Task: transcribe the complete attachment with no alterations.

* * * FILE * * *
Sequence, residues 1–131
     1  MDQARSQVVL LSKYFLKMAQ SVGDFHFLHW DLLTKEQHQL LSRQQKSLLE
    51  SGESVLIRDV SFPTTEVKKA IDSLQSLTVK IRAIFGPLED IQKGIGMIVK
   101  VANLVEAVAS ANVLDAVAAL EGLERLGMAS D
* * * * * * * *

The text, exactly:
Sequence, residues 1–131
     1  MDQARSQVVL LSKYFLKMAQ SVGDFHFLHW DLLTKEQHQL LSRQQKSLLE
    51  SGESVLIRDV SFPTTEVKKA IDSLQSLTVK IRAIFGPLED IQKGIGMIVK
   101  VANLVEAVAS ANVLDAVAAL EGLERLGMAS D